Deciding which questions to include in your customer feedback survey is a pivotal part of your customer-relationship strategy. A lengthy survey will result in a low response rate, so think long and hard about every question you include. Here are a few questions you should be considering.

Common customer feedback metrics

  • Customer Satisfaction score (CSAT): How satisfied are you with our service or product?
  • Net Promoter Score (NPS): How likely are you to recommend our product or service to a friend or colleague?
  • Customer Effort Score (CES): How easy was it to use our service or product?

When issuing a customer feedback survey these three commonly used metrics should immediately spring to mind. The Net Promoter Score (NPS), Customer Effort Score (CES), and Customer Satisfaction Score (CSAT) are popular feedback benchmarks that have been shown to be useful survey questions. The results can be used to track customer attitudes over time and are also useful benchmarks to compare your results with the industry average.

Laddering questions

  • What did you like about our product?
  • Which features did you find difficult to use?

Laddering questions are questions that allow respondents to elaborate on an answer they previously gave. These questions enable you to gather more information on a particular issue. For example, after prompting a customer for a Customer Effort Score, you can follow-up with a laddering question, like "Which features did you find difficult to use?"

Laddering questions are particularly useful when a closed-ended question is followed by a related open-ended question. The combination of responses can provide rich and detailed insights.

Demographic Questions

  • How old are you?
  • What is your gender?
  • What is your employment status?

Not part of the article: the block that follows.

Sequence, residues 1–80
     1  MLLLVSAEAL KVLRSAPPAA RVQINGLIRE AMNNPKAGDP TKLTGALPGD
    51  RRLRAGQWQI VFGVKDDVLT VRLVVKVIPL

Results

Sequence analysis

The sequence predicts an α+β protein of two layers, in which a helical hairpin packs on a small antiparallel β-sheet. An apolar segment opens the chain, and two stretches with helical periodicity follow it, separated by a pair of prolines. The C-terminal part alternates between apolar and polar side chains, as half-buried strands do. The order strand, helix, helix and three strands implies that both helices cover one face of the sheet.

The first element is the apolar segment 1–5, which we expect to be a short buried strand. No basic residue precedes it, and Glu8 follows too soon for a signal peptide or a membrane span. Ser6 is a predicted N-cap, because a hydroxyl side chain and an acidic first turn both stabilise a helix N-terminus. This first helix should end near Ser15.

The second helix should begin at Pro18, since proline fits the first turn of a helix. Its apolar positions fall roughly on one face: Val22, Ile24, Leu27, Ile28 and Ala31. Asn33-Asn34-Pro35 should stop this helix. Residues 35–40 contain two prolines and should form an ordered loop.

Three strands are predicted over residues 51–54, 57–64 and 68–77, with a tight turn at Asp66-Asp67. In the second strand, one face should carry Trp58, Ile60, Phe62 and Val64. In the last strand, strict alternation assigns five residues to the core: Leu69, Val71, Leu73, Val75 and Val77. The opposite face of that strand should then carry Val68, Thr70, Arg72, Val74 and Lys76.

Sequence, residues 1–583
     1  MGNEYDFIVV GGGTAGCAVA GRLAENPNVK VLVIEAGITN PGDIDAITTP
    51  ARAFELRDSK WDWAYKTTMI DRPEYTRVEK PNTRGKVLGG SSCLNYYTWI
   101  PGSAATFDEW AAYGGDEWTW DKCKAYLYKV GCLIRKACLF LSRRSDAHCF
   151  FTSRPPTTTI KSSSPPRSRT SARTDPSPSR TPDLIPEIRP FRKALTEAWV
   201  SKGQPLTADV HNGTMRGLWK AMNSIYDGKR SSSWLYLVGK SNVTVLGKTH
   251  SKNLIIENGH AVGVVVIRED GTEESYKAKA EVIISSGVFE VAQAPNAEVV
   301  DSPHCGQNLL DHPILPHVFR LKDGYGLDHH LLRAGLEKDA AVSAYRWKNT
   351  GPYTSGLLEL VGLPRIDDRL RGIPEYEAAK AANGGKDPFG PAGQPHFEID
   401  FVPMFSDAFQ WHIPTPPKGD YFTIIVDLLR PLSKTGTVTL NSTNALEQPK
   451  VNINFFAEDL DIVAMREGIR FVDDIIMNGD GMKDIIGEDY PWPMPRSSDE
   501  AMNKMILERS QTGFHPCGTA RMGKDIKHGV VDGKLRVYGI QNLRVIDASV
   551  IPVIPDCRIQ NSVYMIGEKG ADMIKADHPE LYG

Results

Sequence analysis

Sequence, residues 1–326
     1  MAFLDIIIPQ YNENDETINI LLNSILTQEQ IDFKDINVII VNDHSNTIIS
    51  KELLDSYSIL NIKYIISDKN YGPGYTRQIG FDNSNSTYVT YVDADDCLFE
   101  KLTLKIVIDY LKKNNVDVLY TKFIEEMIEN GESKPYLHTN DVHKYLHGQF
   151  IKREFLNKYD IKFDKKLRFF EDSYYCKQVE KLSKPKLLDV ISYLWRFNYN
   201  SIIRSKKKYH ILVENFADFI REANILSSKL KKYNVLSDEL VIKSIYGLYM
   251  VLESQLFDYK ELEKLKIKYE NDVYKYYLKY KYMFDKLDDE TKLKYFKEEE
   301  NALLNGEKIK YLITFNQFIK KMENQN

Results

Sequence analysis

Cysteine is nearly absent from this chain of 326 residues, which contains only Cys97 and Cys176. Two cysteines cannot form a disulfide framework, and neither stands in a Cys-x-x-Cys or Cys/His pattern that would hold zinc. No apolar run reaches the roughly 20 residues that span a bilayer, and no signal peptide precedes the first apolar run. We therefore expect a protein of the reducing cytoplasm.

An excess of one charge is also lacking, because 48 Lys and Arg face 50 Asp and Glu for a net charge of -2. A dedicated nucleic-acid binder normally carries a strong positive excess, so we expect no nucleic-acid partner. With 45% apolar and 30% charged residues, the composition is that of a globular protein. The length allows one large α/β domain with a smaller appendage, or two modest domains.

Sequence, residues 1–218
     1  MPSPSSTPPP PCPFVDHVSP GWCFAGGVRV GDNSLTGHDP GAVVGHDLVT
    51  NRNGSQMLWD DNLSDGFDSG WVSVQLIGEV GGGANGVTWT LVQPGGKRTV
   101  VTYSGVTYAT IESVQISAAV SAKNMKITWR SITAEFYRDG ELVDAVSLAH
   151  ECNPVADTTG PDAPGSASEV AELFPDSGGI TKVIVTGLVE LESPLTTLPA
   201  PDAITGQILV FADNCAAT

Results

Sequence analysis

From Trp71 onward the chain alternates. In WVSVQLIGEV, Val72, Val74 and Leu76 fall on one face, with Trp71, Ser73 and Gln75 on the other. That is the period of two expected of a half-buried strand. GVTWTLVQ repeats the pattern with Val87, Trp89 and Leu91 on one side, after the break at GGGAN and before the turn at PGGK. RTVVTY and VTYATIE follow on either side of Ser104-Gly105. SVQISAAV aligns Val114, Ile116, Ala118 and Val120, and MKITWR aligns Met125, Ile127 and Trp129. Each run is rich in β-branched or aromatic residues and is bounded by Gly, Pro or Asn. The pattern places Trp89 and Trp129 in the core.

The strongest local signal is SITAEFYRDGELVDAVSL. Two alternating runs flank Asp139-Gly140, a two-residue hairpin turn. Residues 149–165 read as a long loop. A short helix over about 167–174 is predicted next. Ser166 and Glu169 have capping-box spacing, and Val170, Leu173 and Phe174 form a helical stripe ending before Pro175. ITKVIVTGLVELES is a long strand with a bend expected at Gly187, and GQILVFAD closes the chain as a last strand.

Demographic questions do not directly relate to your product, but that doesn't mean you should dismiss them. By gathering personal information from your respondents, you can better understand how different kinds of customers use, feel, and interact with your product. This is especially useful when trying to identify segments in your market. Collecting demographic information will provide you with a more detailed picture of your customer base.

Customer journey questions

  • How did you find out about us?
  • Where did you first hear about us?

Customer journey questions are particularly useful when surveying new customers, making them perfect for many transactional surveys. Users and customers can be prompted with a journey question after a sale, sign-up, or interaction. This is vital information for growing your customer base and reaching more potential users. You can tailor your marketing and outreach strategy based on how your customers are finding you.

Customer Suggestions

  • What changes would you make to our product?
  • How can our product be improved?

Asking customers for changes and improvements they would make to your product or service can yield interesting results. Even if the changes can't be implemented, it's still a way to discover what the pressing issues are for your customers. Now and then, a great suggestion will come from a customer, and that alone makes the question worth asking!

Wide-open Questions

  • What else would you like us to know?
  • Are there any other thoughts you would like to share with us?

A wide-open question is a great way to conclude a survey. Perhaps there is a miscellaneous thought or an unknown issue that the customer would like to raise. Ending a survey by handing a blank slate to the respondent is the perfect way to receive useful feedback you never anticipated.